Our organization worked to develop this in partnership with Dallara, a race car manufacturer, and with Clemson University, who helped with some of the design and engineering of the race car.
And we originally partnered with Indianapolis Motor Speedway. We thought it was a great venue to showcase this technology. The Indianapolis Motor Speedway is maybe the most iconic and famous track, certainly in the United States and, one could argue, in the world, and has been home to countless firsts in terms of automotive technology – the first rear view mirror, the first seat belt – all kinds of early innovations.
So for two years, teams competed first virtually doing simulation rounds and then starting in June, 2021, the teams came to Indianapolis and began operating with real race cars.
We had 41 universities that originally signed up to participate. Those universities were kind of whittled down through the competition. Many of them merged together and partnered together with one another and we wound up with nine teams representing 18 universities from eight countries.
Then we ran an event on October 23rd at the Indianapolis Motor Speedway. It was a time trial event – so only one car at a time. It was very successful in terms of showcasing high-speed automation.
We’ve set all kinds of speed records for fastest speed, top speed, fastest lap, fastest two-lap average, and so on. Our speeds were in the 150s – 157, I think was our top speed.
When we completed that competition and gave out the million-dollar prize to the winning team from Germany – the Technical University of Munich – we realized that we still had more to show the world and wanted to take these cars and really demonstrate passing – or overtaking – which was always one of our core objectives.
It wasn’t just about going fast. We needed to show that autonomous vehicles could encounter one another and make decisions the way human drivers make decisions about when to overtake or when to pass.
So we set out to run a second competition – a passing competition – and thought, ‘Where better to do that than as part of CES, the biggest tech innovation show in the United States, arguably in the world’.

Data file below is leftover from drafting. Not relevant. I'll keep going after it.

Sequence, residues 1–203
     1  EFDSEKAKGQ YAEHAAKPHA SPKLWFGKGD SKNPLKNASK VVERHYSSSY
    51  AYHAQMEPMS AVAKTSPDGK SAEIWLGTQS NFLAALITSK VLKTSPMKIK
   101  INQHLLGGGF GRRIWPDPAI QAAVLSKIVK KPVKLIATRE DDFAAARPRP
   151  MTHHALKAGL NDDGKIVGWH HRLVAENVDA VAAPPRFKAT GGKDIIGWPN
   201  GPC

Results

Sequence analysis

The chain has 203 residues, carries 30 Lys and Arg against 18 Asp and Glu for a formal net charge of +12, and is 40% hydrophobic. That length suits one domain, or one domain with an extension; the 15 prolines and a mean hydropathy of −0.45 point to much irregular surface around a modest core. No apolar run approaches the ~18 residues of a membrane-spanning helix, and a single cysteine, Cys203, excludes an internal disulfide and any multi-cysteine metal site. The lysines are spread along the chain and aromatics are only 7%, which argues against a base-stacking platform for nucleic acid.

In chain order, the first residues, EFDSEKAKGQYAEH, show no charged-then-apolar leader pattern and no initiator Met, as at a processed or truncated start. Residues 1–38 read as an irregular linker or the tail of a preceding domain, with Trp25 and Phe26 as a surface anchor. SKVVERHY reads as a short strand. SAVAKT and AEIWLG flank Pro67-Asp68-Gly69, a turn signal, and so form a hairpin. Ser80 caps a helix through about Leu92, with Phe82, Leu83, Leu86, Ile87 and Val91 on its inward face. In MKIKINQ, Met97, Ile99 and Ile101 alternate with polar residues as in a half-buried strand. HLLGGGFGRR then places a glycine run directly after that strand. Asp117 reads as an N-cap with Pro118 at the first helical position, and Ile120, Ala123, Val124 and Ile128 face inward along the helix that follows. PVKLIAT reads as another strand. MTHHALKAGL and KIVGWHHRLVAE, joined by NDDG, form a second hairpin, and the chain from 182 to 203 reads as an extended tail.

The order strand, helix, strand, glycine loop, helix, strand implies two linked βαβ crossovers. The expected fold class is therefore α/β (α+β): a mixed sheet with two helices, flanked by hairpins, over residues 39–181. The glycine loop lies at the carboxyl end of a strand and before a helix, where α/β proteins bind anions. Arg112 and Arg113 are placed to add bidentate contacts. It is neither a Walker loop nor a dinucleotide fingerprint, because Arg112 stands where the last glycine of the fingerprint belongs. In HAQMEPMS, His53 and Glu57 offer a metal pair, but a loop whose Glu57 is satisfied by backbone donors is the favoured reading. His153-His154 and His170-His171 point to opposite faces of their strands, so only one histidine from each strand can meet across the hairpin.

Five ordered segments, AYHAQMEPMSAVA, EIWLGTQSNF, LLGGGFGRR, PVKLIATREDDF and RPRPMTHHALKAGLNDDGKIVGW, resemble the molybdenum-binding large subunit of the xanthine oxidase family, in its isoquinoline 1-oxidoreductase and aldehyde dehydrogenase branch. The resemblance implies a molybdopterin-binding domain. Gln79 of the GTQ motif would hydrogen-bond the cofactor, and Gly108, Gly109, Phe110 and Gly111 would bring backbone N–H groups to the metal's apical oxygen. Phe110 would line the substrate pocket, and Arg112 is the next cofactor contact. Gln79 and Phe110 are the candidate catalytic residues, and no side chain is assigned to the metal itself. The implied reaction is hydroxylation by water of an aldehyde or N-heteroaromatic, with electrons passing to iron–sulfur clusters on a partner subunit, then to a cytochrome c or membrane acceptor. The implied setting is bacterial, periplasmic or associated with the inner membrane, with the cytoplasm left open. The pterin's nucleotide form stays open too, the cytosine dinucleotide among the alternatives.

So here we are in Las Vegas, during the week of CES, preparing for the Autonomous Challenge @ CES, which will be held January 7th at the Las Vegas Motor Speedway and it will include a passing competition, where two cars will go on the track at the same time and they will pass each other at increasingly higher speeds until one car is unable to overtake.
At that point, we will declare a winner, then move on to the next round and so on and so forth until we’ve got a winner of that that passing competition.
I’m very excited about that format. It’s never been never been done before. There’s been no head-to-head racing of autonomous vehicles in the history of of mankind so it’s be another first for us.
AM: Well it’s an absolutely fantastic idea and achievement. Do you think any of these teams that are competing against each other will spin out as individual businesses or do you think external companies – such as big automakers – will come in and take over through investments and acquisitions? What kind of business models do you see emerging out of this?
PM: I think time will tell. I’m confident that we have tremendous interest from our sponsors, which are really leading component manufacturers as opposed to whole vehicle manufacturers or original equipment manufacturers.
And I really do view this competition as a way for certain component technologies that are critical for autonomous vehicles to be proven out and advanced. So I see that relationship continuing on far into the future.
These are university-based teams. How they spin things out, how they create companies, what the objectives of those companies are, all that is probably going to vary from from university to university.
Some of them may be more focused on applied research relationships with existing industry players, which could be automakers. Others may be interested in licensing their technology. And others may look to create a brand new company.
We’ll be announcing later today that one of the teams – the team that won our event in October, the Technical University of Munich – is spinning out a company called Drive Blocks, which will be bringing autonomous algorithms and software into the marketplace.
So I think time will tell what kind of ventures will emerge out of this.
Just like with the Darpa Grand Challenge, I don’t think anyone could predict exactly how that was going to impact the industry and, looking back, I think everyone feels confident that we certainly would not be where we are today without the the innovations that came out of that Darpa Grand Challenge.
And hopefully 10 years from today people will say the same thing about the Indy Autonomous Challenge.